Drinking age change proposed in states

Dylan Boyle

It doesn’t matter how long students under the age of 21 hold their breath, Iowa won’t be seeing a change to the current drinking age any time soon.

Recently, legislators in Minnesota, Missouri, Vermont and South Carolina have proposed lowering the age to either 18 or 19, while Kentucky, South Dakota and Wisconsin want to lower the age for active military personnel only.

With other states considering a change, the question of whether Iowa should jump on the lower drinking age bandwagon has been a topic of interest.

Misty Moyse, a spokesperson for Mothers Against Drunk Driving, said the states are making a mistake when considering lowering the age because the 21-year-old limit deters young people from drinking and, in turn, saves lives.

“The 21 law saves 900 lives a year,” said Moyse. “We also know that the average age of first contact right now is 16, so if you lower the drinking age to 18, people will start drinking earlier, and studies have proven that they are more likely to become alcoholics later in life.”

John McCardell, former president of Middlebury College in Vermont and director of Choose Responsibility, disagrees with MADD, and is pushing for action on lowering the legal age.

“When you’re 18, you’re an adult in all other aspects besides the drinking age,” McCardell said. “At 18 you’re an adult. If 18 year olds aren’t mature enough for alcohol, how are 18 year olds mature enough to vote, sign contracts and join the military?”

McCardell said that having the drinking age set at 21 creates problems because minors, especially on college campuses, are drinking alcohol illegally. He said not being able to drink in public causes many deaths from binge drinking.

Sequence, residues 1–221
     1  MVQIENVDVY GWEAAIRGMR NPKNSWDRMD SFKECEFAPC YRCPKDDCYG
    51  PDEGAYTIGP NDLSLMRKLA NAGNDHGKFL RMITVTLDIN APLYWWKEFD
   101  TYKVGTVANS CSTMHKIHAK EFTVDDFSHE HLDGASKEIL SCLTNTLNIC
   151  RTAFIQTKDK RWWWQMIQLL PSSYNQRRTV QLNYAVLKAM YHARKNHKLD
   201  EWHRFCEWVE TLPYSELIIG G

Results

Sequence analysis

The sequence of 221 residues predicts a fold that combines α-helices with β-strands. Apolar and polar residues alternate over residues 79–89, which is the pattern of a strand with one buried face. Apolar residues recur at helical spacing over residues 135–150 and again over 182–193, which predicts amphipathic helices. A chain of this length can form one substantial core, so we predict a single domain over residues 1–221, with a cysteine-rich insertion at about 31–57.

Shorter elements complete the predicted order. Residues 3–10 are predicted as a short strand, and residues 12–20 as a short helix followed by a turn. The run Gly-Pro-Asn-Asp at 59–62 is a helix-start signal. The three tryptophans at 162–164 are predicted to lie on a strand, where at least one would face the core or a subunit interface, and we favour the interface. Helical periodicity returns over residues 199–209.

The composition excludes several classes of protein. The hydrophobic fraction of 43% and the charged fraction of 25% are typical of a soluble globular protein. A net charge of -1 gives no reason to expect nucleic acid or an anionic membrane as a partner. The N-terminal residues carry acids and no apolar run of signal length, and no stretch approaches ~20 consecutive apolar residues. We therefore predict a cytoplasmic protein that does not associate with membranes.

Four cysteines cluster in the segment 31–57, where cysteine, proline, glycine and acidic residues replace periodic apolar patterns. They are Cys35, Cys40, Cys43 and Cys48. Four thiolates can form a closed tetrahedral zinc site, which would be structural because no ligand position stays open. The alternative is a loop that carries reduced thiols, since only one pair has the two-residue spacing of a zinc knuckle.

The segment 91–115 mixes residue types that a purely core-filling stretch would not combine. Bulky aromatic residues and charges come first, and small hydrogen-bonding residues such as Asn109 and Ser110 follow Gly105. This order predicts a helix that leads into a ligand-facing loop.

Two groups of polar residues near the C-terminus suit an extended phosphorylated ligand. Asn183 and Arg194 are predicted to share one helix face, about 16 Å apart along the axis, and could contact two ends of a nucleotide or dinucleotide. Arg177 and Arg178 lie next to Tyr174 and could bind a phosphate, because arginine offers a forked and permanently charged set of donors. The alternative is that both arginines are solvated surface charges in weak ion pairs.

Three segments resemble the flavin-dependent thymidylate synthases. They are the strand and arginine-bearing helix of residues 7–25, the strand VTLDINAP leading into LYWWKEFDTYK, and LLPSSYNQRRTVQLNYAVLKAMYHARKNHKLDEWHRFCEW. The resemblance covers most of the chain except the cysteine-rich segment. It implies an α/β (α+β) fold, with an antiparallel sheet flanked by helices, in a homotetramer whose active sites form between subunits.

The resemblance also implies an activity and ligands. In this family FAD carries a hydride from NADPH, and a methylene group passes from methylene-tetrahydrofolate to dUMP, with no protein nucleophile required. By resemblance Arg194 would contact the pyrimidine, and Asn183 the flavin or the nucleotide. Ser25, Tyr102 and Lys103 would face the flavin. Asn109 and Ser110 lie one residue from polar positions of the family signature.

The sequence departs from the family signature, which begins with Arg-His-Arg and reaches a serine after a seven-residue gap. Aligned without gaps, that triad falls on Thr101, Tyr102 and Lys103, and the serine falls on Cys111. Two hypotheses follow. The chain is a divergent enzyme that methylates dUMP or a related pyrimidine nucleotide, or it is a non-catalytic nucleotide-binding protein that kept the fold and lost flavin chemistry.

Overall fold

“There is a net loss of life, but these lives are not being lost in public,” McCardell said.

Senate minority leader Ron Wieck, Dist.-27, said he would oppose such legislation and doesn’t think a lower age is in the interest of most Iowans, including the state’s lawmakers.

“I don’t think it would be something legislators would be in favor of either,” Wieck said.

Although some, like Wieck, already don’t support the change, others, like Speaker of the House Patrick Murphy, D-PA, are “not worried about it at this time.”

Senate majority leader Mike Gronstal, Dist.-50, said he’d be willing to consider changing the drinking age, but he’d “have to wait and see what the proposal is.”

Gronstal, Wieck and Murphy all said they couldn’t remember any legislation in Iowa to lower the age since the National Minimum Drinking Age Act passed in 1984. The act effectively took away the states’ right to choose by threatening any state that set a drinking age of lower than 21 with a 10 percent decrease in highway appropriations, a move some disagree with.

Gronstal said it is wrong for the federal government to take away states’ power to determine what’s best for its citizens through these types of threats.

“The government shouldn’t hold states hostage for funding,” he said.

Wieck disagreed with Gonstal’s view and said the state government imposes the same types of threats when it comes to local governments.

“The government has to do what it needs to do,” Wieck said.

McCardell said young people might be surprised to find they have the power to spark a change in the drinking age by exercising their right to vote.

“It’s fascinating that states are still considering lowering the age, even with the 10 percent penalty,” McCardell said. “The highway fund legislation that contains this penalty is up for reauthorization Sept. 30, 2009 – it’s an election year – students have the power to tell their legislators that they want this changed.”

Although Wieck and Gronstal rarely find common ground, they both agreed that, in the Legislature, they have come to expect the unexpected.

“You never know what will get introduced. This session is an example of that,” Wieck said.